Scott Snedecor was an advocate for people with mental illness, with alcoholism and with addiction, with trauma, and for people with traumatic brain injuries. He was born here in Portland in 1952, graduated from Lincoln High School, And spent most of his career working deep in the public mental health industry as a peer advocate. Scott had a wide circle of friends, hobbies and interests. He was charismatic, affable, generous, goofy, and usually disheveled. His office, his car, and often his house was an impressive mess. I remember talking with him about placement for a patient being discharged from the state hospital for being clinically challenging, Scott said “Mike’s like me. He doesn’t need a case manager, he needs a valet.”
Scott Snedecor died on Christmas Eve of 2019 after a long illness caused in part by the medications he was told to take for his psychiatric illness. Scott was a hard worker at his self care and lived relatively medication free for the last 25 years of his life.
I met Scott in about 1996 when he worked at Portland’s first publicly funded drop in center for people with mental illness which was managed by people with mental illness. The peer movement had not yet really begun. But Scott, and other peers like Mike Hlebechuk, Kevin Fitts, and Donita Diamata – and a lot of non peers – were forging ahead. The place was called “Mind Empowered” and it was a sanctuary for people who lived in small rooms, who were symptomatic, who were an easy target for a predatory society. Scott treated everyone equally, welcoming, inviting, friendly. His message was dead serious – treat these people with kindness and respect. It was not a PC message at the time. “These people” were to be locked up, kept away from children, forcibly medicated, surgically muted. Scott delivered his dead serious message with good cheer and modeled recovery, talked about his own recovery – so that others could talk about their own.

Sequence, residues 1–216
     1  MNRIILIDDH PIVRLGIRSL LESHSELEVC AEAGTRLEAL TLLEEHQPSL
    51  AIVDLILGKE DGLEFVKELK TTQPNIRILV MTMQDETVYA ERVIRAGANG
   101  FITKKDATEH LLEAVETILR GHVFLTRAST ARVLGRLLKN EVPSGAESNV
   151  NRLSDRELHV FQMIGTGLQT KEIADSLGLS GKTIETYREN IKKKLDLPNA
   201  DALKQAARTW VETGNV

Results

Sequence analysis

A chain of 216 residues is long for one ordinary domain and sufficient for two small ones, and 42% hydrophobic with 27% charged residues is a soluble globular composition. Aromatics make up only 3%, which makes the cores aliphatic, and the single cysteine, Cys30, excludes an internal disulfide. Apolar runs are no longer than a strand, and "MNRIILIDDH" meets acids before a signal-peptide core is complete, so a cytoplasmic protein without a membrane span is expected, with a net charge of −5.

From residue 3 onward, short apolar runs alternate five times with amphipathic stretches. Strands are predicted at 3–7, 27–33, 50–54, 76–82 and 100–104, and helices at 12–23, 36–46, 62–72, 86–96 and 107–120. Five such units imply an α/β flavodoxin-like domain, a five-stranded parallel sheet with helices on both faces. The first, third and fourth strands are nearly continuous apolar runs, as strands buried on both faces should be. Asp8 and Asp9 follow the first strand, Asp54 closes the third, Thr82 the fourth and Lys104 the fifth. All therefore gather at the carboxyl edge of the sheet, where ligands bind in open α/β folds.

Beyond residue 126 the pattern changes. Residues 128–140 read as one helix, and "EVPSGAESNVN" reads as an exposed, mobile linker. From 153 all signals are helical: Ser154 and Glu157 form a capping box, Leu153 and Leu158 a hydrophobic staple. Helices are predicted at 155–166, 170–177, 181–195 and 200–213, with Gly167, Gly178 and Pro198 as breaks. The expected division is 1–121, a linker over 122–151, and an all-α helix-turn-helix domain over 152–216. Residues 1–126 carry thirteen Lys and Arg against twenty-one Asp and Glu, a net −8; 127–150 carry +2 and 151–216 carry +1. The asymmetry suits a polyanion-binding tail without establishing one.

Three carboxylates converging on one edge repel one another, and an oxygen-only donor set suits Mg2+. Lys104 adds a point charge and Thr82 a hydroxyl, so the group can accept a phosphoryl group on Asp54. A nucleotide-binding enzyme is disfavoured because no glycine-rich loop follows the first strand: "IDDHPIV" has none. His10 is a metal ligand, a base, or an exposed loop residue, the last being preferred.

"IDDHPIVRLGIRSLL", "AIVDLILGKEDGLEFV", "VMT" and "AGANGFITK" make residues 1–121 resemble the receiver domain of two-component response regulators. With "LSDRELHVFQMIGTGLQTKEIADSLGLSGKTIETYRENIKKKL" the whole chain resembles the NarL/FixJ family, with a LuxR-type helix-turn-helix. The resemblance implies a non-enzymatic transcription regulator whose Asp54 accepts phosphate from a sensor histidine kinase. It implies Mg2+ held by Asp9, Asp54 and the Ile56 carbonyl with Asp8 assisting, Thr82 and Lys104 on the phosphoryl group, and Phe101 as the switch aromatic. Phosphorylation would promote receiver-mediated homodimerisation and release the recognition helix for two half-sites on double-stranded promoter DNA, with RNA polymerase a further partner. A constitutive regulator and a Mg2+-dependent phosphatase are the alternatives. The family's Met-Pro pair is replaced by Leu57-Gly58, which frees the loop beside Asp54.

It’s hard to make friends later in life. Scott was a master friend-maker. He was friendly. He needed more, could use more, could keep up with more. He might not know everything about you, but if you were Scott’s friend, he knew something special about you. He knew the reason he liked you. And he’d tell you. And then you’d want him to be your friend.
The lesson learned from Scott – The key to remaining a great advocate is to not be an adversary.
Scott was a peer advocate at Multnomah County during the Mental Health and Addictions Services Division reform years – about 1998 to 2003, and was one of the few survivors of that period. He was the first peer trainer for the Portland Police Bureau’s CIT program. Then he spent many years working for the state hospital, trying to spring the unsprung, helping patients who were seriously ill get ready to transition out of the hospital. He worked here at the Portland Campus – the building which is now Unity – and for a while at the Salem Campus.
Scott had many friends and was close with his family. He loved dogs and motorcycles and fast food and music and traveling. A lot of people are missing Scott Snedecor. So we give the 2020 Oregon Advocacy Award to Scott Snedecor.